u ( σ ( T ) ) = u ( 0 ) + σ ( T ) u Δ ( 0 ) - 0 σ ( T ) ( σ ( T ) - σ ( s ) ) h 1 ( s ) Δ s . (2.7)

Substituting (2.6) and (2.7) into the second boundary value condition of system (2.3), we obtain

c 1 u ( 0 ) + ( c 1 σ ( T ) + d 1 ) u Δ ( 0 ) = 0 σ ( T ) [ d 1 + c 1 ( σ ( T ) - σ ( s ) ) ] h 1 ( s ) Δ s + 0 σ ( T ) u ( s ) B 1 ( s ) Δ s . (2.8)

From (2.8) and the first boundary value condition of system (2.3), we have

u Δ ( 0 ) = a 1 ρ 1 0 σ ( T ) [ d 1 + c 1 ( σ ( T ) - σ ( s ) ) ] h 1 ( s ) Δ s + 0 σ ( T ) u ( s ) B 1 ( s ) Δ s (2.9)

- c 1 a 1 0 σ ( T ) u ( s ) A 1 ( s ) Δ s , u ( 0 ) = b 1 ρ 1 0 σ ( T ) [ d 1 + c 1 ( σ ( T ) - σ ( s ) ) ] h 1 ( s ) Δ s + 0 σ ( T ) u ( s ) B 1 ( s ) Δ s - c 1 a 1 0 σ ( T ) u ( s ) A 1 ( s ) Δ s + 1 a 1 0 σ ( T ) u ( s ) A 1 ( s ) Δ s . (2.10)

Substituting (2.9) and (2.10) into (2.5), we have

u ( t ) = 0 σ ( T ) G 1 ( t , s ) h 1 ( s ) Δ s + a 1 t + b 1 ρ 1 0 σ ( T ) u ( s ) B 1 ( s ) Δ s + d 1 + c 1 ( σ ( T ) - t ) ρ 1 0 σ ( T ) u ( s ) A 1 ( s ) Δ s . (2.11)

By (2.11), we get

0 σ ( T ) u ( s ) B 1 ( s ) Δ s = 1 1 - P 11 0 σ ( T ) B 1 ( s ) 0 σ ( T ) G 1 ( s , τ ) h 1 ( τ ) Δ τ Δ s + Q 11 1 - P 11 0 σ ( T ) u ( s ) A 1 ( s ) Δ s , (2.12)

0 σ ( T ) u ( s ) A 1 ( s ) Δ s = 1 1 - Q 21 0 σ ( T ) B 1 ( s ) 0 σ ( T ) G 1 ( s , τ ) h 1 ( τ ) Δ τ Δ s + P 21 1 - Q 21 0 σ ( T ) u ( s ) B 1 ( s ) Δ s . (2.13)

By (2.12) and (2.13), we get

0 σ ( T ) u ( s ) A 1 ( s ) Δ s = K 11 D 21 1 - D 11 D 21 0 σ ( T ) B 1 ( s ) 0 σ ( T ) G 1 ( s , τ ) h 1 ( τ ) Δ τ Δ s + K 21 1 - D 11 D 21 0 σ ( T ) A 1 ( s ) 0 σ ( T ) G 1 ( s , τ ) h 1 ( τ ) Δ τ Δ s , (2.14)

0 σ ( T ) u ( s ) B 1 ( s ) Δ s = K 11 1 - D 11 D 21 0 T B 1 ( s ) 0 T G 1 ( s , τ ) h 1 ( τ ) Δ τ Δ s + K 21 D 11 1 - D 11 D 21 0 σ ( T ) A 1 ( s ) 0 σ ( T ) G 1 ( s , τ ) h 1 ( τ ) Δ τ Δ s . (2.15)

Substituting (2.14) and (2.15) into (2.11), we have

u ( t ) = 0 σ ( T ) G 1 ( t , s ) h 1 ( s ) Δ s + K 11 ( a 1 t + b 1 ) + K 11 D 21 [ d 1 + c 1 ( σ ( T ) - t ) ] ρ 1 ( 1 - D 11 D 21 ) 0 σ ( T ) B 1 ( s ) 0 σ ( T ) G 1 ( s , τ ) h 1 ( τ ) Δ τ Δ s + K 21 D 11 ( a 1 t + b 1 ) + K 21 [ d 1 + c 1 ( σ ( T ) - t ) ] ρ 1 ( 1 - D 11 D 21 ) 0 σ ( T ) A 1 ( s ) 0 σ ( T ) G 1 ( s , τ ) h 1 ( τ ) Δ τ Δ s = 0 σ ( T ) G 1 ( t , s ) h 1 ( s ) Δ s + r 11 ( t ) 0 σ ( T ) B 1 ( s ) 0 σ ( T ) G 1 ( s , τ ) h 1 ( τ ) Δ τ Δ s + r 21 ( t ) 0 σ ( T ) A 1 ( s ) 0 σ ( T ) G 1 ( s , τ ) h 1 ( τ ) Δ τ Δ s = 0 σ ( T ) H 1 ( t , s ) h 1 ( s ) Δ s . (2.16)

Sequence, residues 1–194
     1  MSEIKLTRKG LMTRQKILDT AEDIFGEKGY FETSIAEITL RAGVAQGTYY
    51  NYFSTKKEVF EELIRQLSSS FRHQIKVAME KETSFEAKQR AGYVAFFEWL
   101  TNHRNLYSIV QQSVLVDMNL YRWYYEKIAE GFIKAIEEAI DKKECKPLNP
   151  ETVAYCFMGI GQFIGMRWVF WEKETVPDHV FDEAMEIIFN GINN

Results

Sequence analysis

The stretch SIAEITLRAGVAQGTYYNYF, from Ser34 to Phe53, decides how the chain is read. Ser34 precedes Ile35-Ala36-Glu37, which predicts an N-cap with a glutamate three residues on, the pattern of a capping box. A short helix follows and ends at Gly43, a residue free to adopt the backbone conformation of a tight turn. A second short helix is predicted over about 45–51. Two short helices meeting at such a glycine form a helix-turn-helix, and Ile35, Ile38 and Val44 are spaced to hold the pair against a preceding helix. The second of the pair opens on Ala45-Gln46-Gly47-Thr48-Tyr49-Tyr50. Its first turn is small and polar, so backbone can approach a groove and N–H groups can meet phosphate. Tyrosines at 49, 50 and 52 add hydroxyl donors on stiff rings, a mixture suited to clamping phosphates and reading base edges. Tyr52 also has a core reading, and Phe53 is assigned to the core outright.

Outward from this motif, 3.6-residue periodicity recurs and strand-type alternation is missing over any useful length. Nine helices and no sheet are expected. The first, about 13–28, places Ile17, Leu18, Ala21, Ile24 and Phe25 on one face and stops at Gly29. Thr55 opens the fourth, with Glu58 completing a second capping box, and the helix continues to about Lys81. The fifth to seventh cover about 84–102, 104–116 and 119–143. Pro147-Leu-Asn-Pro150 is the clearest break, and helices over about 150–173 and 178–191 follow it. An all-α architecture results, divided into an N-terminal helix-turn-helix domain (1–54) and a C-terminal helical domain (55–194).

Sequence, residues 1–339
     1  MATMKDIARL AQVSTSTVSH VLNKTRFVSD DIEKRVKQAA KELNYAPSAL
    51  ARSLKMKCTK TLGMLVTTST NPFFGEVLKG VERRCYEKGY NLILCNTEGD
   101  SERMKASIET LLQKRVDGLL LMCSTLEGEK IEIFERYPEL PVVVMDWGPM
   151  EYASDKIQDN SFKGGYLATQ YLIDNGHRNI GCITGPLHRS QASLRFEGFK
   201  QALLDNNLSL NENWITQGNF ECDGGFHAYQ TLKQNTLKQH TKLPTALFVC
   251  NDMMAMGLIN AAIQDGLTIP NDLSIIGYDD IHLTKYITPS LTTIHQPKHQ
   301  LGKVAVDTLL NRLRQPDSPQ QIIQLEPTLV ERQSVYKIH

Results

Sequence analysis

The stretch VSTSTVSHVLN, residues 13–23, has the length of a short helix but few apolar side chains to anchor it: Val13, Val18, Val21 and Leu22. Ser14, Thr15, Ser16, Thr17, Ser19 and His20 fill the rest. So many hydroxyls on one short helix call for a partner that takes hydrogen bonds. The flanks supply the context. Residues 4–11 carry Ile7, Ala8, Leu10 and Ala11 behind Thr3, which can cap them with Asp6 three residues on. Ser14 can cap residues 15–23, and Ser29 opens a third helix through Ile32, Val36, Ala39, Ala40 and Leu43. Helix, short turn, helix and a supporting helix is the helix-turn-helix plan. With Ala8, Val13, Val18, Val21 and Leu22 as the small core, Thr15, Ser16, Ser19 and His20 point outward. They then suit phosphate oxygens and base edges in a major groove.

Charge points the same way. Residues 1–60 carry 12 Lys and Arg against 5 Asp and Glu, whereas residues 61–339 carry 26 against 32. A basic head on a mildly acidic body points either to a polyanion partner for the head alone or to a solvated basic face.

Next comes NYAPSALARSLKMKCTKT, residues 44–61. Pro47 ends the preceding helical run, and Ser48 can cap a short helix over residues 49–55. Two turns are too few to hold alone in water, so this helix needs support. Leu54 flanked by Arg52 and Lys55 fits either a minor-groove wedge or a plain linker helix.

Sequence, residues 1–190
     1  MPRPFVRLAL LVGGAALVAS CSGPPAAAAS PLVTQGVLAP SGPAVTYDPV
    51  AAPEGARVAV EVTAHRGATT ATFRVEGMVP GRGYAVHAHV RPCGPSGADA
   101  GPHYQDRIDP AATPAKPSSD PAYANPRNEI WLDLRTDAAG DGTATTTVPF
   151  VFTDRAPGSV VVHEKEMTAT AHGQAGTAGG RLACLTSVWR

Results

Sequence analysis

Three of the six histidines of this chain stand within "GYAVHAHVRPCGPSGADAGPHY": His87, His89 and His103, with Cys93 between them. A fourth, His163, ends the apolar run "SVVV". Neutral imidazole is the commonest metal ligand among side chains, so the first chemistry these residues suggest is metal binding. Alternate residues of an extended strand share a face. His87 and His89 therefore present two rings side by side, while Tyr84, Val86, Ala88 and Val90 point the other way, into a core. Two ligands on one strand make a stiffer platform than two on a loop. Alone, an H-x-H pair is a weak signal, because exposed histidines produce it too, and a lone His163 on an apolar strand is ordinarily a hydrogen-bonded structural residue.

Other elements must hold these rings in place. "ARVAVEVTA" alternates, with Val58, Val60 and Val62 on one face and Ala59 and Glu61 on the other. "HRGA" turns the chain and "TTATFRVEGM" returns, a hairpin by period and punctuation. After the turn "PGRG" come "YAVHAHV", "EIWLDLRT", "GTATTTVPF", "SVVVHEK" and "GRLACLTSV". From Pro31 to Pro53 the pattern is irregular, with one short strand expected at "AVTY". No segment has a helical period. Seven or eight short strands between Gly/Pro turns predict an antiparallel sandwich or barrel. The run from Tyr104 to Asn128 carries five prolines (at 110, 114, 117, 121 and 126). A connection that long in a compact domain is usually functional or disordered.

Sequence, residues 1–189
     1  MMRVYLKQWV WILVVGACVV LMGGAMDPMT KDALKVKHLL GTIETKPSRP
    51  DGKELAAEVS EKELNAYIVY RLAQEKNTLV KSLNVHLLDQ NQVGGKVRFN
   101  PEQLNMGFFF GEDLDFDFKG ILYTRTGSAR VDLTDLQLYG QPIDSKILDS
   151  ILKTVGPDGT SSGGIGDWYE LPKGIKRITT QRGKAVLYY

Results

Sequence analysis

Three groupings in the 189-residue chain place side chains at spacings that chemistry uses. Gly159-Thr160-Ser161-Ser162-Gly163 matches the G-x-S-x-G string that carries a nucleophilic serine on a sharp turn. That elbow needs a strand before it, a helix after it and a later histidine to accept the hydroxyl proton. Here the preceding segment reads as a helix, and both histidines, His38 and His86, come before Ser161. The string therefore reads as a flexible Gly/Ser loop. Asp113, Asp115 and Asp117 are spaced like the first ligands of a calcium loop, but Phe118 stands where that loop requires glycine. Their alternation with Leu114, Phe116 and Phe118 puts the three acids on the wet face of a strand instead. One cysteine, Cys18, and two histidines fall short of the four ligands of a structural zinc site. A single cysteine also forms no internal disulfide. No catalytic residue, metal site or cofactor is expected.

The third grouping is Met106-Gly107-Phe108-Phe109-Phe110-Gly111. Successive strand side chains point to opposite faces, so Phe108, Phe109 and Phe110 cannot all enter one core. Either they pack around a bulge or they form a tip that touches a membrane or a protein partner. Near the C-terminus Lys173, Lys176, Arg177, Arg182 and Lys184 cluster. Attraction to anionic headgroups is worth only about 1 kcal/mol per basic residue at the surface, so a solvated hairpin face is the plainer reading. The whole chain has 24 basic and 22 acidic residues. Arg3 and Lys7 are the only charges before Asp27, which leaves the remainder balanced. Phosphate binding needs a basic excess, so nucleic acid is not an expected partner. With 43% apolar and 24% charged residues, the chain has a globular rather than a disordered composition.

Conversely, suppose u ( t ) = 0 σ ( T ) H 1 ( t , s ) h 1 ( s ) Δ s , then

u ( t ) = 0 σ ( T ) G 1 ( t , s ) h 1 ( s ) Δ s + r 11 ( t ) 0 σ ( T ) B 1 ( s ) 0 σ ( T ) G 1 ( s , τ ) h 1 ( τ ) Δ τ Δ s + r 21 ( t ) 0 σ ( T ) A 1 ( s ) 0 σ ( T ) G 1 ( s , τ ) h 1 ( τ ) Δ τ Δ s . (2.17)

Direct differentiation of (2.17) implies

u Δ ( t ) = 1 ρ 1 a 1 t σ ( T ) [ d 1 + c 1 ( σ ( T ) - σ ( s ) ) ] h 1 ( s ) Δ s - c 1 0 t ( a 1 σ ( s ) + b 1 ) h 1 ( s ) s + a 1 K 11 - c 1 K 11 D 21 ρ 1 ( 1 - D 11 D 21 ) 0 σ ( T ) B 1 ( s ) 0 σ ( T ) G 1 ( s , τ ) h 1 ( τ ) Δ τ Δ s + a 1 K 21 D 11 - c 1 K 21 ρ 1 ( 1 - D 11 D 21 ) 0 σ ( T ) A 1 ( s ) 0 σ ( T ) G 1 ( s , τ ) h 1 ( τ ) Δ τ Δ s

and

u Δ Δ ( t ) = - h 1 ( t ) ,

and it is easy to verify that

a 1 u ( 0 ) - b 1 u Δ ( 0 ) = 0 σ ( T ) u ( s ) A 1 ( s ) Δ s , c 1 u ( σ ( T ) ) + d 1 u Δ ( σ ( T ) ) = 0 σ ( T ) u ( s ) B 1 ( s ) Δ s .

This completes the proof.

Lemma 2.3. Assume that D12D22 ≠ 1 holds. Then for any h2 C(I', ℝ+), the following BVP

v Δ Δ ( t ) + h 2 ( t ) = 0 , t ( 0 , σ ( T ) ) T , a 2 v ( 0 ) - b 2 v Δ ( 0 ) = 0 σ ( T ) v ( s ) A 2 ( s ) Δ s , c 2 v ( σ ( T ) ) + d 2 v Δ ( σ ( T ) ) = 0 σ ( T ) v ( s ) B 2 ( s ) Δ s

has a solution

v ( t ) = 0 σ ( T ) H 2 ( t , s ) h 2 ( s ) Δ s ,

where

H 2 ( t , s ) = G 2 ( t , s ) + r 12 ( t ) 0 σ ( T ) B 2 ( τ ) G 2 ( τ , s ) Δ τ + r 22 ( t ) 0 σ ( T ) A 2 ( τ ) G 2 ( τ , s ) Δ τ , G 2 ( t , s ) = 1 ρ 2 ( a 2 σ ( s ) + b 2 ) [ d 2 + c 2 ( σ ( T ) - t ) ] , σ ( s ) < t , ( a 2 t + b 2 ) [ d 2 + c 2 ( σ ( T ) - σ ( s ) ) ] , t σ ( s ) , r 12 ( t ) = K 12 ( a 2 t + b 2 ) + K 12 D 22 [ d 2 + c 2 ( σ ( T ) - t ) ] ρ 2 ( 1 - D 12 D 22 ) , r 22 ( t ) = K 22 D 12 ( a 2 t + b 2 ) + K 22 [ d 2 + c 2 ( σ ( T ) - t ) ] ρ 2 ( 1 - D 12 D 22 ) .

Proof. The proof is similar to that of Lemma 2.2 and will omit it here.

Lemma 2.4. Suppose that (H1) is satisfied, for all t, s I and i = 1, 2, we have

(i) Gi(t, s) > 0, Hi(t, s) > 0,

(ii) LimiGi(σ(s), s) ≤ Hi(t, s) ≤ MiGi(σ(s), s),

(iii) mGi(σ(s), s) ≤ Hi(t, s) ≤ MGi(σ(s), s),

where